(Roughly) Daily

Every picture tells a story…

… and some tell more complicated stories than others…

This [1897] chart, digitized by the Library of Congress, depicts major battles, troop losses, skirmishes, and other events in the American Civil War. (Click on the image to arrive at a zoomable version, or visit the LOC’s website.)

The “Scaife Synoptical Method,” advertised at the top of the timeline, aimed to fit as much information as possible into a single chart. Information on Arthur Hodgkin Scaife is scant, but the Comparative Synoptical Chart Company, apparently based in Toronto, also published his “Synoptical Charts” of the “Cuban Question,” English history, and the life of William Gladstone…

Read the whole story at Vault.

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As we concentrate on consolidation, we might recall that it was on this date in 1863 that Union Generals Alexander M. McCook and Thomas Crittenden were relieved of their commands and ordered to Indianapolis, Indiana, to face a court of inquiry following the Federal defeat at the battle of Chickamauga in Georgia (c.f., the chart above).  As History. com explains

Eight days before, the Union Army of the Cumberland, commanded by General William Rosecrans, had retreated from the Chickamauga battlefield in disarray. On the battle’s second day, Rosecrans mistakenly ordered a division to move into a gap in the Federal line that did not exist, creating a real gap through which the Confederates charged, thus splitting the Union army. One wing collapsed, and a frantic retreat back to Chattanooga,Tennessee, ensued. The other wing, led by General George Thomas, remained on the battlefield and held its position until it was nearly overrun by Confederates.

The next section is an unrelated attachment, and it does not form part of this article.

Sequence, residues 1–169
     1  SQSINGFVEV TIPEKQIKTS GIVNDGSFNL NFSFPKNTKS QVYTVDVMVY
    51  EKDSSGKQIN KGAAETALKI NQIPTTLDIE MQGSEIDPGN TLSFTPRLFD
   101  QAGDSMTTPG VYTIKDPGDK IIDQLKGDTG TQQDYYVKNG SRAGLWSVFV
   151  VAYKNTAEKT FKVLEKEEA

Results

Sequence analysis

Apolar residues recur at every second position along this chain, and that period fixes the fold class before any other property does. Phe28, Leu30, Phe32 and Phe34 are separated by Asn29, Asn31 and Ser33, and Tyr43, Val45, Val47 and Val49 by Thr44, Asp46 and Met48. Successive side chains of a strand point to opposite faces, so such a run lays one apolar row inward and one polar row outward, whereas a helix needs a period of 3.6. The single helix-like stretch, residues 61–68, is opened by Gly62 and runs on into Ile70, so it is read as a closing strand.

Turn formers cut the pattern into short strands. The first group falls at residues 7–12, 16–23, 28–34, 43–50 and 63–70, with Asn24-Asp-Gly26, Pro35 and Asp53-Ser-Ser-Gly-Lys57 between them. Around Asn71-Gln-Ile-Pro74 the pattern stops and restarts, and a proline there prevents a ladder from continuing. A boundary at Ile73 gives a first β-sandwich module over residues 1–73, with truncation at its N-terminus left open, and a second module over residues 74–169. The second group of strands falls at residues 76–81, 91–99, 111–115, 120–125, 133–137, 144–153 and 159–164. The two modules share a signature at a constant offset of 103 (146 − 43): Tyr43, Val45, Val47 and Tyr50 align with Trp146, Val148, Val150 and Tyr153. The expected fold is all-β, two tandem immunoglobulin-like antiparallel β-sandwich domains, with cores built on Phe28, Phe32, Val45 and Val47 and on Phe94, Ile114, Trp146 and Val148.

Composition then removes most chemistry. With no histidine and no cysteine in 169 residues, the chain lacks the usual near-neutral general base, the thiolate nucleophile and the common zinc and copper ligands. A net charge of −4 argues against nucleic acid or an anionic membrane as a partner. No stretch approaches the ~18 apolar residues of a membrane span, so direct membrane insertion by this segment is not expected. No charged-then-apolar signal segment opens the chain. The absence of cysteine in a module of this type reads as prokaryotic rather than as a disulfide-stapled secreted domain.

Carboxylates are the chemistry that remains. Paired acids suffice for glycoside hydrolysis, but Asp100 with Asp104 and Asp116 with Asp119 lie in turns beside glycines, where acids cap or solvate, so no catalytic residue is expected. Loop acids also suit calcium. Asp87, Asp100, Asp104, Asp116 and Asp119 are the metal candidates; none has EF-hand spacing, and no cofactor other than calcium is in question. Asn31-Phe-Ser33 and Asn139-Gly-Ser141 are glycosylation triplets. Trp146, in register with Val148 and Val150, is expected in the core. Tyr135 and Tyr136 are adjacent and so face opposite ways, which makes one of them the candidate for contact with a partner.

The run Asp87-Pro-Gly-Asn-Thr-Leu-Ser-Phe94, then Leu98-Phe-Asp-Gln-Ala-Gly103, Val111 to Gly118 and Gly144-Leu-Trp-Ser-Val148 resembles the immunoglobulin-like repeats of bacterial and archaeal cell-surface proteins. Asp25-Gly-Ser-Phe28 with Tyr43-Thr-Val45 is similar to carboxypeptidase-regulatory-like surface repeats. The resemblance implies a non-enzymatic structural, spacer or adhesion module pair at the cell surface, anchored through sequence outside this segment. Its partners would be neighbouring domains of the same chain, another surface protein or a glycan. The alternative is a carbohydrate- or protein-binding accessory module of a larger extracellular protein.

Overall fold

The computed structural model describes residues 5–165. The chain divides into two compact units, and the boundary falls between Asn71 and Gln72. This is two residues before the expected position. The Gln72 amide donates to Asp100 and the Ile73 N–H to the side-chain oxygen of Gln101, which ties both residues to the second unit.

The search for scapegoats began immediately, and fingers soon pointed to McCook and Crittenden. Their corps had been part of the collapsed flank, so Rosecrans removed them from command. Crittenden’s removal stirred anger in his native Kentucky, and the state legislature sent a letter to President Abraham Lincoln demanding a reexamination of the firing. In February 1864, a military court cleared McCook and Crittenden, but their careers as field commanders were over. By quickly removing McCook and Crittenden, Rosecrans had been trying to save his own job. Within weeks after firing the generals, Rosecrans was himself replaced by Thomas.

lithograph by Kurz and Allison, 1890

source

Written by LW

September 28, 2013 at 1:01 am

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